SQL stands for Structured Query Language. Pronounced “ess-que-el,” SQL is the means by which we communicate with a database. It is the standard language for relational database management systems, according to ANSI (American National Standards Institute).
Oracle, Microsoft SQL Server, Sybase, Ingres, Access are only a few of the common relational database management systems that use SQL. While each of these database systems use SQL, each will also have additional proprietary extensions that are typically used on just its system. An understanding of SQL, however, will allow you to navigate any of them, as the standard commands (“Insert,” “Update,” “Delete,” “Drop,” “Create,” “Select”) can be used to accomplish just about everything.
A Brief SQL Explanation
SQL offers a wide array of advantage to businesses. Since it’s designed to manage databases, that gives a company the ability to run complex queries on specific information. SQL can gather selected details, based off of listed criteria, saving an employee from looking through the database by hand. A few simple commands and the pertinent information is pulled up. SQL is also useful for marketing professionals, essentially granting them access to a magic Excel spreadsheet, one that gives them every type of data regarding their consumers.
For those looking to use Microsoft specifically, SQL Server is the form of SQL to be most familiar with. Not only does SQL Server support querying via ANSI SQL and its own Transact-SQL (T-SQL), it also supports extensive business Intelligence features. By including Integration Services (for transforming data between SQL Server and other data sources), Reporting Services (for creating and disseminating reports), and Analysis Services (for online analytic data mining and processing), SQL Server greatly increases business database potential.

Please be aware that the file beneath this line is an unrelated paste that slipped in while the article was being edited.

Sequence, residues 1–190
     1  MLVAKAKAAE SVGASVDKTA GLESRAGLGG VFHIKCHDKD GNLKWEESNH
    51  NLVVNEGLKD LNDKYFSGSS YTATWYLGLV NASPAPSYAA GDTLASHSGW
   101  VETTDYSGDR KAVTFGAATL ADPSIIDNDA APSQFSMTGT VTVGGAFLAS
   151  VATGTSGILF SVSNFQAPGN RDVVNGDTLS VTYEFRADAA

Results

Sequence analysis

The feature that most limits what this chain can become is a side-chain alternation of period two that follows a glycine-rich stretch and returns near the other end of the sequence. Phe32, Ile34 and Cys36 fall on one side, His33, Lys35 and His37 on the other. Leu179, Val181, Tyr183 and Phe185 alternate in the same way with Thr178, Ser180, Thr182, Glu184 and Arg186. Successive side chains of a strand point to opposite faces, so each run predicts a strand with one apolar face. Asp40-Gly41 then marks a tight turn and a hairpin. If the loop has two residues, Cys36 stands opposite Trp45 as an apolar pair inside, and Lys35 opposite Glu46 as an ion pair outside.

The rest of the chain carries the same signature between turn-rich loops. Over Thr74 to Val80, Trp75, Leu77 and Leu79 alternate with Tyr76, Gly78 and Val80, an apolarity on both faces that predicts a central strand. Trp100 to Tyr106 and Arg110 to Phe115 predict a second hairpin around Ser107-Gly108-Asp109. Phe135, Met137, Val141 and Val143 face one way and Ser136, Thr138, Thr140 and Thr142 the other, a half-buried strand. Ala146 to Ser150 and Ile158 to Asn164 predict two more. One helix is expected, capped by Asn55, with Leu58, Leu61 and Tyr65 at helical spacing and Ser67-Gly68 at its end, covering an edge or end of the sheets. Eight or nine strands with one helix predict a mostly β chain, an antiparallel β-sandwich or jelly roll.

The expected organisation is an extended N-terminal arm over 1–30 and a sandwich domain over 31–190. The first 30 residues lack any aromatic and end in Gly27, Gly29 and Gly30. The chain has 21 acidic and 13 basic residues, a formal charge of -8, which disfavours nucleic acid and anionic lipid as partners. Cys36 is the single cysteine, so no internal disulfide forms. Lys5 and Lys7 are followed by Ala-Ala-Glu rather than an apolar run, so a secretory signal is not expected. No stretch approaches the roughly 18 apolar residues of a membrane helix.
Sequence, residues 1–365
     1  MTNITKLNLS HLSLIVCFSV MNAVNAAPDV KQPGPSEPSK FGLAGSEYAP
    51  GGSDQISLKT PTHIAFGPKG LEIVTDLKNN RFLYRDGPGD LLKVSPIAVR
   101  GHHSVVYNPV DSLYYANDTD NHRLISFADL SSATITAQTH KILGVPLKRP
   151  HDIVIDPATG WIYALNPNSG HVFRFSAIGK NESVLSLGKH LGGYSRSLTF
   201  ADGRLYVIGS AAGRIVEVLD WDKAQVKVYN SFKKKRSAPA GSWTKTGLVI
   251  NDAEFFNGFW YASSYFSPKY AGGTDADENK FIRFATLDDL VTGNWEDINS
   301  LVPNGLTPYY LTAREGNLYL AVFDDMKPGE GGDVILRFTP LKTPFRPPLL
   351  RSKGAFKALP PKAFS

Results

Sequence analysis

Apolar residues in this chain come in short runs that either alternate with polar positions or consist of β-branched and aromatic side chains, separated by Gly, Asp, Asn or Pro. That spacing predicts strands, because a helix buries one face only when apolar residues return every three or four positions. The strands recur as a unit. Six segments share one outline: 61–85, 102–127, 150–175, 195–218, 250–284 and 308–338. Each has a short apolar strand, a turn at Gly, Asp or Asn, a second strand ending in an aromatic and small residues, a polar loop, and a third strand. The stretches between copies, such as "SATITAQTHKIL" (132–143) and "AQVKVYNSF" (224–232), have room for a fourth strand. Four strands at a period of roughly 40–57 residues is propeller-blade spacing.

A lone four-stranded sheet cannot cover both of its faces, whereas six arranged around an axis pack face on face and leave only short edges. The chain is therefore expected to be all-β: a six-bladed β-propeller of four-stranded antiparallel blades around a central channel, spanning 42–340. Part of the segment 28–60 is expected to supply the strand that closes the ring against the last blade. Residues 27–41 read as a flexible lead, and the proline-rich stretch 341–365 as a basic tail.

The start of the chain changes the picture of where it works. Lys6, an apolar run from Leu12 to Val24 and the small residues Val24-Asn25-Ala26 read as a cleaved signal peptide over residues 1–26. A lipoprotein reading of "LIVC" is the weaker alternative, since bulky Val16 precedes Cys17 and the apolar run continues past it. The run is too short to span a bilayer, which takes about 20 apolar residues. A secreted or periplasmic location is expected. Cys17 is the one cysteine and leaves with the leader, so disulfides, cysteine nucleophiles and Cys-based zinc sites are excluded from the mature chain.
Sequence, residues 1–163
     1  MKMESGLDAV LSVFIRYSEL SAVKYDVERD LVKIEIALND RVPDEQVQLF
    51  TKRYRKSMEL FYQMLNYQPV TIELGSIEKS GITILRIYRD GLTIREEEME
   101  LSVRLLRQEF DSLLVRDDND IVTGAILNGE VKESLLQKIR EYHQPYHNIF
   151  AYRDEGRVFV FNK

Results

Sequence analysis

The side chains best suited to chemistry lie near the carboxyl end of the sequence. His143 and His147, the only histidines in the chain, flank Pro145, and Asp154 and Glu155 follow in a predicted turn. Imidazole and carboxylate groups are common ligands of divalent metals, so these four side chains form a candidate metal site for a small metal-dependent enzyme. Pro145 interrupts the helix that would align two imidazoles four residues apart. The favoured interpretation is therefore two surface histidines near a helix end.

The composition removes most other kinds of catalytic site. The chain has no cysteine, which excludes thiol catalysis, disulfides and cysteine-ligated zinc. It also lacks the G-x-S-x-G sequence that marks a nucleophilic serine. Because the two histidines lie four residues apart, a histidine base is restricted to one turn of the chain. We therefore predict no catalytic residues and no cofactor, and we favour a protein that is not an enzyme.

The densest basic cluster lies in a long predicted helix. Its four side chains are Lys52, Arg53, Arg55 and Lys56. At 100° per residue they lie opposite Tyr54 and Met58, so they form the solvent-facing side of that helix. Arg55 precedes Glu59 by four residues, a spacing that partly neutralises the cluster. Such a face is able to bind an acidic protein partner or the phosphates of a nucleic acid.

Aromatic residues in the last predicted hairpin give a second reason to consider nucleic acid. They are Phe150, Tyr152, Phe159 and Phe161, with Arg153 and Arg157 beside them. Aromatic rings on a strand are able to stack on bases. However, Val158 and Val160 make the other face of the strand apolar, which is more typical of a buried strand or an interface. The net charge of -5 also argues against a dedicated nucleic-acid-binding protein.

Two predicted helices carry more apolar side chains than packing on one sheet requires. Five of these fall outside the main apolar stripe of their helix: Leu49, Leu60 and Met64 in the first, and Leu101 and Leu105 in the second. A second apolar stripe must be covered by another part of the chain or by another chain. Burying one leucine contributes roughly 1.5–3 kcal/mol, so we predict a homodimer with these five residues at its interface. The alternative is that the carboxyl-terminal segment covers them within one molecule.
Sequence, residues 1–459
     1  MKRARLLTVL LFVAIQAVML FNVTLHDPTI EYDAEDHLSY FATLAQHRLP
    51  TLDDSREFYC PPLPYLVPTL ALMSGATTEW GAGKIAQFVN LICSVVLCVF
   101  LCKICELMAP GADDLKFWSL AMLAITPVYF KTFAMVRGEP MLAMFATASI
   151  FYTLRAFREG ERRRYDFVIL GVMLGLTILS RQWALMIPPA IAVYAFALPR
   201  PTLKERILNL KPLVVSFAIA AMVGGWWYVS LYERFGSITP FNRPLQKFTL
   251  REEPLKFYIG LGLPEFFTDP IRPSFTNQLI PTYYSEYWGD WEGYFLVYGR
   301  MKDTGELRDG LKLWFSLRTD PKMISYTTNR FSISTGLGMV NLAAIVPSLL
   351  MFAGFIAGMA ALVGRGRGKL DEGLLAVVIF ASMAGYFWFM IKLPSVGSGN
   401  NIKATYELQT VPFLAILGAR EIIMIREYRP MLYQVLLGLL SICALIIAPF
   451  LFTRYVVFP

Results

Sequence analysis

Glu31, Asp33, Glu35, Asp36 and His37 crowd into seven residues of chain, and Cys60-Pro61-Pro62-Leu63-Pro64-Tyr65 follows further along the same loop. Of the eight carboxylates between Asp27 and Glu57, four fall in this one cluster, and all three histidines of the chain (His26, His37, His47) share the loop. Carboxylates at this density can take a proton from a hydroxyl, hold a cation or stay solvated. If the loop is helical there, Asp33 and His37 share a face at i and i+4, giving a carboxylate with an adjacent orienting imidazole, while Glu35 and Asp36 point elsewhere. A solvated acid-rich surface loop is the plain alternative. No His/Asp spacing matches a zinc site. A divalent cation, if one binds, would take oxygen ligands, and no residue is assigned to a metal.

If you’re interested in learning SQL Server for individual or business purposes, the internet provides a wide array of classes. SQL Server Training will teach you Transact-SQL (T-SQL), the Microsoft extension of SQL, which is a universal language used for interacting and querying with relational databases. Developers are encouraged to take Transact-SQL, as well as Accelebrate’s SQL Server Business Intelligence training, which includes SSAS training (Analysis Services and the related MDX query language), SSIS training (Integration Services), and SSRS training (Reporting Services).
Analysts and Administrators are encouraged to take Accelebrate’s SQL Server Business Intelligence training as well. In addition, administrators are encouraged to take an Accelebrate SQL Server administration class. Accelebrate classes include training on all the most recent versions: 2012, 2008R2, and SQL Server 2008.
Course offerings are customizable for business teams. Some individual classes are also live online. In addition to providing online training, Accelebrate’s classes are available to groups of three or more at your site. If SQL looks like a necessary part of your future, don’t hesitate to invest in the appropriate training.
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